We are fantastic at responding to unplanned events . . . but the wildfires taught us that we need to be better at tapping into our own resources.
Tosha Richter, lead, Business Continuity Program
Alberta,
15
May
2017
|
17:23
America/Denver

Lessons The Beast Taught Us

The Fort McMurray wildfires proved that even a strong emergency response can be made stronger

Abandoned vehicles scattered on Highway 63 as their drivers fled Fort McMurray in May 2016.

The cozy smells of coffee, melted butter, and maple syrup from a Mother’s Day breakfast still wafted through the air when Colin Woods got the call.

Without asking questions, the manager of the AER’s Alberta Energy Regulator’s (AER) Bonnyville Field Centre immediately drove some 400 kilometres northward to support the response to the Fort McMurray wildfires that had taken over the city earlier that week.

“There’s only one way to describe that highway on that drive, which is normally buzzing with traffic, and that’s ‘creepy,’” says Woods. “I counted 156 abandoned vehicles on my way to Fort Mac—people just ran out of fuel fleeing to safety.”

The sight prompted him to create a new personal rule for his family: never begin a road trip with less than a third of a tank of gas. That was just one lesson that Woods and other AER staff would learn from the ordeal of responding to the destructive fires.

Woods’s time in the Provincial Operations Centre also taught him that despite all of the successes of Alberta’s response to The Beast—no deaths, and much of the city and all of its critical infrastructure was saved—we must not overlook the valuable lessons learned.

For the AER those lessons include, always go big, but go as one. This is where the incident command system—a widely-accepted, standardized system used in both small and large incidents—came into play. By having the right system in place and people trained in the system, the AER’s response was more effective and efficient.

That said, the AER will be making changes to its own response processes to ensure they are even more efficient for the next time, says Tosha Richter, lead of the AER’s Business Continuity Program.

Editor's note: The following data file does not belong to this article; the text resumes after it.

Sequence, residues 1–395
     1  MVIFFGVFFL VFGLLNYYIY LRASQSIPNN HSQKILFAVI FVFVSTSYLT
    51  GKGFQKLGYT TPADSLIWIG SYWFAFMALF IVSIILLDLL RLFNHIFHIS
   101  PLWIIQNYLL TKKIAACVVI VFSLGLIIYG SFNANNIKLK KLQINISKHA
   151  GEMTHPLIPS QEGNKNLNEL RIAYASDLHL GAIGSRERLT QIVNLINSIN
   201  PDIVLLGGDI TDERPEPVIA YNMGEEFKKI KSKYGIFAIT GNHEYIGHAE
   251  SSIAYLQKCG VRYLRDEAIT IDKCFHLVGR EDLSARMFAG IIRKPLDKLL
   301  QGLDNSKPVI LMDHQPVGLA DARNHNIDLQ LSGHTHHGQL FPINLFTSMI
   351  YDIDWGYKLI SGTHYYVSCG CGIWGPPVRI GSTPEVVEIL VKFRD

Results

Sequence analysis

From Richter’s perspective, the AER’s various divisions and branches were quick to respond, but they didn’t always connect with one another as they worked, which sometimes resulted in a duplication of efforts.

“We are fantastic at responding to unplanned events,” says Richter. “We have the knowledge and talent, but the wildfires taught us that we need to be better at tapping into our own resources.”

The fire also highlighted the importance of strong relationships, both within the AER and with our partners. The Alberta Emergency Management Agency (AEMA) refers to this as the “speed of trust,” which simply means that when the heat is on, you have full trust in the people working with you, which allows you to move faster than fast—at the speed of trust.

“To work at the speed of trust takes a lot of work before the emergency phase,” explains Scott Long, executive director of the AEMA. “It’s relationship building. It’s stakeholder engagement. It’s getting to know the people you’ll be working with and building a rapport with them before there’s an actual emergency.”

Long also notes that, as seen with the 2016 wildfires, industry stakeholders are important partners to include in the speed of trust.

With the one-year anniversary of the Fort McMurray wildfires just behind us, many of those involved are still studying the response and developing ways to apply what they learned to the next emergency. All things being equal, the response was a huge win.

“Considering the size, scope, and number of people involved in the response efforts, things ran really smoothly,” Woods says.

Comments 1 - 1 (1)
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Miriam Murray
20
June
2017
Cassie Naas, Great article. The concept of working at 'the speed trust' is brilliant and demonstrates the importance of knowing your internal and external operational partners before an emergency arises. Equally as important for communications partners.